With the exception of a few part time jobs, I have been self-employed for my entire
working life. And although I love it, at times it can be challenging to maintain enough motivation to get stuff
done. When you don't have a boss telling you what to do, and when to do it, it's easy to fall into lazy habits at
So what the heck does this have to do with guitar and musical goals?
Well, in my opinion, the process of achieving your musical goals is very similar to being self-employed. You are
totally responsible for setting your goals. You are also totally responsible for organizing your work and making
sure that you actually do it. This means that if you don't have enough self-motivation, then you won't do the work.
And if you don't do the work, then you won't achieve your musical goals.
Introducing Time Boxing
Time Boxing is something that I've been doing for a long time. It's one of my favorite
strategies for making sure that I actually do the work that my musical goals require. It involves doing very short
bursts of work that are designed to move me closer to a specific goal.
Let's take a look at the example of me writing articles for my website. Writing articles
is an incredibly important thing for me to do, and has helped my guitar teaching and online guitar education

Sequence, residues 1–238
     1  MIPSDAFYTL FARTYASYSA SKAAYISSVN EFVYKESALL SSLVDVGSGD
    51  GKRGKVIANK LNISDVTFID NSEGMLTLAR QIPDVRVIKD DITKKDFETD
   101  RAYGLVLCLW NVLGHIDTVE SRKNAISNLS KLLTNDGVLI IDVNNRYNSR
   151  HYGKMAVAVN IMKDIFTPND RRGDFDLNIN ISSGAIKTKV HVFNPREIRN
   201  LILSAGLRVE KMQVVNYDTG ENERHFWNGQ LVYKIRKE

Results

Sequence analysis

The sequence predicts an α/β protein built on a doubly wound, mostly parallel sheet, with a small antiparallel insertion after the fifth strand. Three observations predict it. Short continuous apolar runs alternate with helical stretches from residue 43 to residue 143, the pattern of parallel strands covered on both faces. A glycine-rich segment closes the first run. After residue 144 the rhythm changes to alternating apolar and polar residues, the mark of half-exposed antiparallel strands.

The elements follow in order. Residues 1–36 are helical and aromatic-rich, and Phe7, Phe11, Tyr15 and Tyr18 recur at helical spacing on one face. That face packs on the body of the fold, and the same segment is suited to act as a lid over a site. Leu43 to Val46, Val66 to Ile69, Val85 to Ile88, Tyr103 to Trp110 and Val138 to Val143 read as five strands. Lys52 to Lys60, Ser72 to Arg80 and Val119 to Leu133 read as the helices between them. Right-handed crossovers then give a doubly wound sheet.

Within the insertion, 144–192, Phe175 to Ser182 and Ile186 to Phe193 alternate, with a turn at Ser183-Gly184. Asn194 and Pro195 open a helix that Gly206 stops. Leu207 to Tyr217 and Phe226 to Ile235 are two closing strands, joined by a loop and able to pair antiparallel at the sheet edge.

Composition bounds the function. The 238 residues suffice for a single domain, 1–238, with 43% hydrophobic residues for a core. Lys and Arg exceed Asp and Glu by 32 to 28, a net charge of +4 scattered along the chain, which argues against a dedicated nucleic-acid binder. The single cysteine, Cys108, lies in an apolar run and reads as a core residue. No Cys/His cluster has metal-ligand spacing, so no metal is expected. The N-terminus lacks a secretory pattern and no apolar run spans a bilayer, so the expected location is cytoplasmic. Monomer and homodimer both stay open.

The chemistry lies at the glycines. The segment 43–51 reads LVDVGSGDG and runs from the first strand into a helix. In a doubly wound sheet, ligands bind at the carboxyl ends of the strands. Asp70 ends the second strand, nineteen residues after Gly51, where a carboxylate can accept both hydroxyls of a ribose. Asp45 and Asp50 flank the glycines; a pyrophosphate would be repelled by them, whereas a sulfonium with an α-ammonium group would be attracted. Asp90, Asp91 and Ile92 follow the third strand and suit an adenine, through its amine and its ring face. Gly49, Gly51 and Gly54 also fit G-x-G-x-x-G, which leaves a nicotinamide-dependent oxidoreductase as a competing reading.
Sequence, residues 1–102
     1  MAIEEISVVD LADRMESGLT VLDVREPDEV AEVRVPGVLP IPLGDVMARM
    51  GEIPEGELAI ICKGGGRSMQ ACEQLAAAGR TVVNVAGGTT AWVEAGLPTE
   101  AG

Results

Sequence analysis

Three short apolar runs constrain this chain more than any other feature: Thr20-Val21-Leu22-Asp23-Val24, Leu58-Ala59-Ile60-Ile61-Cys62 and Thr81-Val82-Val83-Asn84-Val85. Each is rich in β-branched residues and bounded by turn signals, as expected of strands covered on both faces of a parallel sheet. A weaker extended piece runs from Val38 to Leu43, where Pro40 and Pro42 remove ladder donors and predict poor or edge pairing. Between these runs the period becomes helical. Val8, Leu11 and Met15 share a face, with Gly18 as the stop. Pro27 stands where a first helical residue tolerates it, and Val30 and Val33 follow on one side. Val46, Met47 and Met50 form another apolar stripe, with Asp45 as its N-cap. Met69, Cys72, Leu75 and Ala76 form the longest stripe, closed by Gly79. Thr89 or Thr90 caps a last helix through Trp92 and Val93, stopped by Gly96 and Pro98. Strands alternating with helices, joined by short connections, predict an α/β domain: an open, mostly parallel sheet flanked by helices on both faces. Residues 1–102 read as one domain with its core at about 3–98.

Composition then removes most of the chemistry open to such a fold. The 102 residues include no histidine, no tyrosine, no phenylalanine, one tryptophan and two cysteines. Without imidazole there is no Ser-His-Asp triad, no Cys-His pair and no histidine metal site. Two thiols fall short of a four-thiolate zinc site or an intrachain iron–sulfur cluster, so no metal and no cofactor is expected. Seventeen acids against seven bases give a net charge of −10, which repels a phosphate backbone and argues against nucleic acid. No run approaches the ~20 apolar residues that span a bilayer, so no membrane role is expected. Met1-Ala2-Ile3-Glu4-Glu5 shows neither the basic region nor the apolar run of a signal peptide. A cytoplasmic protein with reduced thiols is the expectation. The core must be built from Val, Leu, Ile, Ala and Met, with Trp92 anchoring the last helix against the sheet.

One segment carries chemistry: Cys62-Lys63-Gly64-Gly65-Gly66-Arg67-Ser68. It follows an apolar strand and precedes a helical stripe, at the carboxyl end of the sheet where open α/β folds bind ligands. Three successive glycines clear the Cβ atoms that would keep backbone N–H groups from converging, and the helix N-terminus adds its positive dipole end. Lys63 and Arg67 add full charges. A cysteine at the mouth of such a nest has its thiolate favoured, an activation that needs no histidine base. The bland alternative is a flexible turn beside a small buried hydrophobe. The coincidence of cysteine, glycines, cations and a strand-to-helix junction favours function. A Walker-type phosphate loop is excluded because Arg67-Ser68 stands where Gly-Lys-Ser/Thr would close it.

business immensely. And here's the exact process that I currently use to write them…
- Write for 50-minutes.
- Rest for 10-minutes. (Sometimes if I'm feeling extra lazy, I'll rest for longer and watch some
- Write for 50-minutes.
- Spend 50-minutes reading the article out aloud, editing, and adding the article to my website.
That's it. Essentially, I write every article in three bursts of 50-minutes. What advantages do you think this
approach has over writing an article in one sitting? Think about it for a few minutes.
I've noticed that I tend to procrastinate with doing something when one (or both) of the following situations
- I feel overwhelmed by the sheer magnitude of what I need to do. For Example: Each of my
online guitar courses took months of work to finish. And there were certainly times when I procrastinated
working on them because I was feeling overwhelmed with just how much stuff I had to do!
- I don't particularly enjoy the task that I need to do. For Example: I hate anything to do
with taxes. So I tend to procrastinate with doing the stuff I need to do each time tax time rolls around.